Gilbert Opens New Season with a Rarity

03/10/2012

  New York Philharmonic Opening Night: Kurtág, Beethoven, Stravinsky: Leif Ove Andsnes (piano), New York Philharmonic, Alan Gilbert (conductor), Avery Fisher Hall, New York, 19.9.2012 (BH)

Kurtág: …quasi una fantasia… for Piano and Groups of Instruments, Op. 27, No. 1 (1987-88)
Beethoven
: Piano Concerto No. 3 in C minor, Op. 37 (1796-1803)
Stravinsky
: Le Sacre du printemps (The Rite of Spring) (1911-1913)

Alan Gilbert deserves enthusiastic gratitude for opening the New York Philharmonic’s new season with a relatively obscure but arresting work, …quasi una fantasia…, by the great Hungarian composer, György Kurtág. Per the composer’s instructions, the piano and timpani were onstage, with the rest of the musicians in small groups scattered throughout Avery Fisher Hall, “separated from each other as far as possible.” Perhaps no moment was as mesmerizing as the very beginning, when Leif Ove Andsnes gently laid down the descending scale that begins oh-so-innocently, until the second section, marked “Wie ein Traumeswirren” (“Like a nightmare”) crashes in. Five harmonicas augment the large percussion section. The ten-minute piece has a quiet cast, and in the closing pages, delicate timbres pile up, accreting in a funereal tread.

In a complete change of mood, Andsnes returned for a forceful reading of Beethoven’s Third Piano Concerto, ringing with authority, loud but never coarse. At the end of the first movement, a solitary whoop sprouted up from the back of the hall; I’m not sure the gesture wasn’t exactly right. The audience grew intensely quiet, however, for the graceful, stoic “Largo”—before that voluminous sound returned for the finale, after which many in the audience were standing.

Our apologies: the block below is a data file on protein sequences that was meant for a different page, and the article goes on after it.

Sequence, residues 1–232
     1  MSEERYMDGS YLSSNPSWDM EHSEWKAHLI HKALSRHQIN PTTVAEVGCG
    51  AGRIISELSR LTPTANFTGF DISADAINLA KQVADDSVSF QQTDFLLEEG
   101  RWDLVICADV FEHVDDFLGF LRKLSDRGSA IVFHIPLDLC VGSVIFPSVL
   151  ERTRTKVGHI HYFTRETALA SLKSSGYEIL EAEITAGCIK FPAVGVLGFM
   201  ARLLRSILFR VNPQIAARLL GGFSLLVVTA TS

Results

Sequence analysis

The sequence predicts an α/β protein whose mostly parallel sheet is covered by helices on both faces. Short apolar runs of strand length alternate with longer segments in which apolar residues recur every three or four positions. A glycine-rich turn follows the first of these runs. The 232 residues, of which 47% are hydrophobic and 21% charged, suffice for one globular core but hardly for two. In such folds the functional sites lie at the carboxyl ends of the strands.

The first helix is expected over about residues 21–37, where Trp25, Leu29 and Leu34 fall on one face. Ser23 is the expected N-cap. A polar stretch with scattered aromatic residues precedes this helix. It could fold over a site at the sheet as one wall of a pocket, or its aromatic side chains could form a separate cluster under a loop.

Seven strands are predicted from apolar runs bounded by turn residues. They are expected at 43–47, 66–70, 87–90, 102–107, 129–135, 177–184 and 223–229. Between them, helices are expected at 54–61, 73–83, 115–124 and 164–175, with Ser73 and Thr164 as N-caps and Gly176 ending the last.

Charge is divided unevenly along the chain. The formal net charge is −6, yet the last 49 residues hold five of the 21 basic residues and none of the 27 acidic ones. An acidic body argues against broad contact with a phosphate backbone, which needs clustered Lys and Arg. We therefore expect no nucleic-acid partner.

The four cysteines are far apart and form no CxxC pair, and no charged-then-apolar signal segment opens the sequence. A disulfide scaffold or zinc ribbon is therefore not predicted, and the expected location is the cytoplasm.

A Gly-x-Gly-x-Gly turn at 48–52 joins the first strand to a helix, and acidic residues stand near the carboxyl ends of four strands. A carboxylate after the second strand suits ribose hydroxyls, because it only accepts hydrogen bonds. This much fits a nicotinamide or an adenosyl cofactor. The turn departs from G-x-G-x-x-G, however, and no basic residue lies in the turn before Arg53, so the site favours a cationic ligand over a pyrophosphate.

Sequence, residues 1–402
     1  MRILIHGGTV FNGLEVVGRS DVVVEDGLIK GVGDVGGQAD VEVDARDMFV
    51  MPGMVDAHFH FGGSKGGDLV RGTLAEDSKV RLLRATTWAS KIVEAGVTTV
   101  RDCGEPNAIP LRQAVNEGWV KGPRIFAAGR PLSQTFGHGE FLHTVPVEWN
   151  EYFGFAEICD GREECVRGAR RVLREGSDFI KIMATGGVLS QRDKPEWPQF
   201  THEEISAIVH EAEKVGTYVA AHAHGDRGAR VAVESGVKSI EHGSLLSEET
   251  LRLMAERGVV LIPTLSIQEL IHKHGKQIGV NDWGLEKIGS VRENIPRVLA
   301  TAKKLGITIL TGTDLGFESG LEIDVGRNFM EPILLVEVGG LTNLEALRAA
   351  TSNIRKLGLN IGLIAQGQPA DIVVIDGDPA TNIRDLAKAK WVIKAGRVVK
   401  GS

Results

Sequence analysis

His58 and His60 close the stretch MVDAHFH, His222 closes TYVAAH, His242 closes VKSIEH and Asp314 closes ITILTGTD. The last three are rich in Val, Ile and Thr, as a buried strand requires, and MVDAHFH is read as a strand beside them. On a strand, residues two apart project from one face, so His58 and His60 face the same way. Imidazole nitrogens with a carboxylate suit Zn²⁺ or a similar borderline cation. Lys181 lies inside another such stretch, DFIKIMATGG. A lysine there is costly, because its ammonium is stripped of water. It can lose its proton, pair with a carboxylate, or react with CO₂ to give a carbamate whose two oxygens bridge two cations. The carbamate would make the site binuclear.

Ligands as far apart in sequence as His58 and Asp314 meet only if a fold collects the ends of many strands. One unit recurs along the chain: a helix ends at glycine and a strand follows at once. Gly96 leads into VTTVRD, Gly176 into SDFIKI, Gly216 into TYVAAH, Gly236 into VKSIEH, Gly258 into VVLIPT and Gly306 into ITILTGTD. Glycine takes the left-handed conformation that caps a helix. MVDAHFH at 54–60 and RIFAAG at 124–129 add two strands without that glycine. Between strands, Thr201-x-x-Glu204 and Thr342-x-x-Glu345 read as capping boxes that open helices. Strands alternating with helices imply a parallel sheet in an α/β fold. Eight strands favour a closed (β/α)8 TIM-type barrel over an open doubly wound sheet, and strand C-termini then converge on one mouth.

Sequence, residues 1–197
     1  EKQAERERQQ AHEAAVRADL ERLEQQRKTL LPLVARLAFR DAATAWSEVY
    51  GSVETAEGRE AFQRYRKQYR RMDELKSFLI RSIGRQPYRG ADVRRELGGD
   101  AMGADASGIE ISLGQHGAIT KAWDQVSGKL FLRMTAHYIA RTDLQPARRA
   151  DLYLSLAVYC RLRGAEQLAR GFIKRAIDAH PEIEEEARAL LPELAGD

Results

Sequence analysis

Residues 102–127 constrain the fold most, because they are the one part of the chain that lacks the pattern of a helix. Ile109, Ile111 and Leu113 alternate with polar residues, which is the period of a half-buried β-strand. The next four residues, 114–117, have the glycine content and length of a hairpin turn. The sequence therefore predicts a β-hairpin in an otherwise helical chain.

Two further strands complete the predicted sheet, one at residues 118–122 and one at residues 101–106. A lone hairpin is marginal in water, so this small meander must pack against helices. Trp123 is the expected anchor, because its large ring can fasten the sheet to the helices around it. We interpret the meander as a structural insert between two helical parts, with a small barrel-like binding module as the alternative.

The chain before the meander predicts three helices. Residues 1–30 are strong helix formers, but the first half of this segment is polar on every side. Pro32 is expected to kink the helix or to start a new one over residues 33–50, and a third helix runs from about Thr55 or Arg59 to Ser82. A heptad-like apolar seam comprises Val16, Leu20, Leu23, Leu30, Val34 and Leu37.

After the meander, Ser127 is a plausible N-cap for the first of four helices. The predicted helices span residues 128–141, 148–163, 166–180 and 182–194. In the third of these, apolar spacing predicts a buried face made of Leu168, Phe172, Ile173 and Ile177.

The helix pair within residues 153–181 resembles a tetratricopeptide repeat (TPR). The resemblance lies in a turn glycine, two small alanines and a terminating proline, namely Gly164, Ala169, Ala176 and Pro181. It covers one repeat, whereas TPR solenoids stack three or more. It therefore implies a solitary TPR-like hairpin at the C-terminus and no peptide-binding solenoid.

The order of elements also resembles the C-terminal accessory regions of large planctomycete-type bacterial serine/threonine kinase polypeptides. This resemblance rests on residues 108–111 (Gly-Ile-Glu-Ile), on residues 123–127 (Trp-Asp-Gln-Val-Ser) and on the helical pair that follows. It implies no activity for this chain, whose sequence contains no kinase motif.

Alan Gilbert and the New York Philharmonic in “The Rite of Spring”
Photo: Chris Lee

After intermission came a pummeling, shrieking Rite of Spring, Stravinsky’s unparalleled (at the time) essay in rhythm and color. After Judith LeClair’s beautiful bassoon tone rose into the air like a distant coil of smoke, Gilbert led the ensemble in a series of expertly-judged collisions of the most pleasant kind. (For some, apparently, not so pleasant: the ferocious end of Part I had a woman in the front row scurrying to the exit.) Muted trumpets at the opening of Part II were expertly gauged—as relaxed as the first part was howling. Tension never lagged, and the ensemble showed time and time again that these players can produce an enormous range of seductive tone when needed. We all know opening nights can be affairs either drab or frivolous. This one was neither.

 Bruce Hodges

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